2,500 pound British Airways e-Ticket absolutely worthless in Mumbai

If you thought the global economy was live and operational, think again. SMS Text News fan, Dom Pannell, was trying to board a British Airways plane back to London from India a little while ago.

At least, he was trying to do so.

Dom, like any straight-thinking globetrotter, thought that he was all good to go, with the e-ticket details stored on his Blackberry. You know how this works, right? British Airways already have your booking on their system. You just need to get to the check-in and show them your passport. They confirm that the details marry up and print out your boarding pass. You don’t need a paper version. Not really. You’ve paid the cash, you’ve got the confirmation numbers right there in your email, you’re good to go — at least, you can get to the check-in desk and sort it out, right?

Wrong. PAPER. You need PAPER.

Dom explains:

The nice soldier with the dark pink rinse (seriously) at the entrance to Terminal 1, Gate 1, Mumbai International Airport was having none of that fancy electronic-ticket-on-my-BlackBerry shite. “Ring British Airways” he said, pointing at a telephone attached to the wall beside a big sign with a list of airlines and phone numbers.

What a total arse. Dom dutifully walked over to the phone and placed a call.

“There’s nobody there,” I replied after a few minutes of trying “all I get is a recorded voice saying they can’t take my call.” “No ticket, no entry” mumbled my moustachioed friend firmly – I noticed that even his tache had been dyed.

Now let’s be clear: Dom HAD a ticket. An electronic version. And this chappy denied him entry.

I’d be going ballistic at this point, especially given the business class fare.

The net result? Dom missed his flight. He’s now booked on a 2am premium economy seat at an additional cost of 400 pounds. In order to sort that out, he had to arse about checking into a nearby hotel to make sure he P R I N T E D his sodding electronic sodding ticket. Let’s call it another 600 quid wasted.

So, let this be a warning to you.

Electronic tickets are NOT electronic, particularly when you’re trying to board a BA flight in Mumbai.

Make sure you PRINT out the ticket, lest the pink soldier stop you from boarding.

Right. I’m off to try and have the hotel staff print off a copy of my new e-ticket (shouldn’t BA warn travellers that the e-tickets they send out are useless unless printed?).

My first thought? Where the hell were British Airways when Dom was trying to speak to them? Ridiculous. If I was Dom, I’d be going abbb-sollluuuuuttt-lehhhhhhhh NUTS. That needs fixed right away.

My second thought? Goodness me how is Mumbai Airport going to deal with SMS bookings?

By Ewan

Ewan is Founder and Editor of Mobile Industry Review. He writes about a wide variety of industry issues and is usually active on Twitter most days. You can read more about him or reach him with these details.

12 replies on “2,500 pound British Airways e-Ticket absolutely worthless in Mumbai”

I have also discovered recently that electronic ticket means paper in both cairo and gatwick, and showing them the booking ref on the screen of your mobile does not wash. Yes, even in the UK some airlines are now requesting that you use an entire sheet of tree to display 8 tiny black ink characters. what a bunch of di&^(*&ds. The world is now officially going backwards.

Hey Dom, since u were traveling business class, didn’t BA send someone to assist you once you got out of your car? Coz they’re supposed to do that.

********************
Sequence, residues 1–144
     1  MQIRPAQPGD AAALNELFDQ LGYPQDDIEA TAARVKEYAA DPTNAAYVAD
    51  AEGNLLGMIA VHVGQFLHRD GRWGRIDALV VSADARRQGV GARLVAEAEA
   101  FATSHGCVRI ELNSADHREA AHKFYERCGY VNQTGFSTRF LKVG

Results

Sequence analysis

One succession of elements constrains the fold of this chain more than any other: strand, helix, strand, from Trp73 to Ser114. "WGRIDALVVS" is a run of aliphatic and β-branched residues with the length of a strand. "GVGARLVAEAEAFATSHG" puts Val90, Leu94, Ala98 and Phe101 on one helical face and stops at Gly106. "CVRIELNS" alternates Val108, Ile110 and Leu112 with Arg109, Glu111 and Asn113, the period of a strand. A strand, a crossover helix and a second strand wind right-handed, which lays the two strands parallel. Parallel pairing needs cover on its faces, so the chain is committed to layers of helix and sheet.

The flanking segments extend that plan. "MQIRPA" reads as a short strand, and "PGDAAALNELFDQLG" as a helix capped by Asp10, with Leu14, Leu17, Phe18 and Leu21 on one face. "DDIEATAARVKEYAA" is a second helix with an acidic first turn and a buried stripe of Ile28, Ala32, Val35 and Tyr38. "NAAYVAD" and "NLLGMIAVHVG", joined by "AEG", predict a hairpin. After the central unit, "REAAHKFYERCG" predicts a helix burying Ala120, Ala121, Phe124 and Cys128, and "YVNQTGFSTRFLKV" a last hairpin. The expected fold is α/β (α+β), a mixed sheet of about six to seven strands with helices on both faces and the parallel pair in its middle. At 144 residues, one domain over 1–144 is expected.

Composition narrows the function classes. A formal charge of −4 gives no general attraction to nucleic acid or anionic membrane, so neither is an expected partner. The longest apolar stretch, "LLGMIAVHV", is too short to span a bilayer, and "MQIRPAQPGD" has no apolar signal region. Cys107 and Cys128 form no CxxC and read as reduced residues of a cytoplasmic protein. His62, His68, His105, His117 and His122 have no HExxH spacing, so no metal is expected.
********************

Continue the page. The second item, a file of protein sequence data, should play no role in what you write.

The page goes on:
This totally drives me up the wall. I have not printed a ticket in 2 years and have always had my reference number on my phone with no problems at all. I’ve travelled with BA, Ryanair, Easyjet, United Airlines and Mexicana using this method and never had a problem.

At the start of this year airline paper tickets stopped completely and E-Tickets became the main way to book travel. The only thing that is important on the E-Ticket email is the reference number. A few weeks ago I took a flight from Heathrow to Dublin with carry on bags, I had my reference number on my phone and went straight to the boarding pass machine, funnily enough it didn’t seem to care if I had a printed email or not, I just typed in my ref and got my pass and went straight to security.

If you don’t need a piece of paper for one way of boarding why would you need one for another?
It doesn’t say anywhere that you need to print your email to board (well not on any flight I’ve ever taken) and what happens if you don’t own a printer?

Whether the reference number is on a piece of paper, a mobile phone or written on the back of your hand it is completely irrelevant to what the number is there to do, which is to give you a unique identifier for that flight and help confirm that you have arrived at check in.

I don’t blame the airline staff for this issue though as it may be down to a lack of up to date training on what is acceptable and what is not.


An upgrade to Club?
Christ, I’d expect to be treated like royalty (or the prime minister, whichever gets the best) AND get a substantial refund for the hassle and extra expense.

Imagine if he’d had an important business meeting to attend in London and missed it.

HeavyLight’s last blog post..S60 not a Touch on the iPhone

The same thing happened to me with Lufthansa. I just accosted a passenger going in and asked him to alert the Lufthansa station manager to come to my rescue. The Lufthansa agent came, asked me for my name, 5 minutes later, he had a printout which got me into the gate. Simple watson….

The same thing happened to me with Lufthansa. I just accosted a passenger going in and asked him to alert the Lufthansa station manager to come to my rescue. The Lufthansa agent came, asked me for my name, 5 minutes later, he had a printout which got me into the gate. Simple watson….

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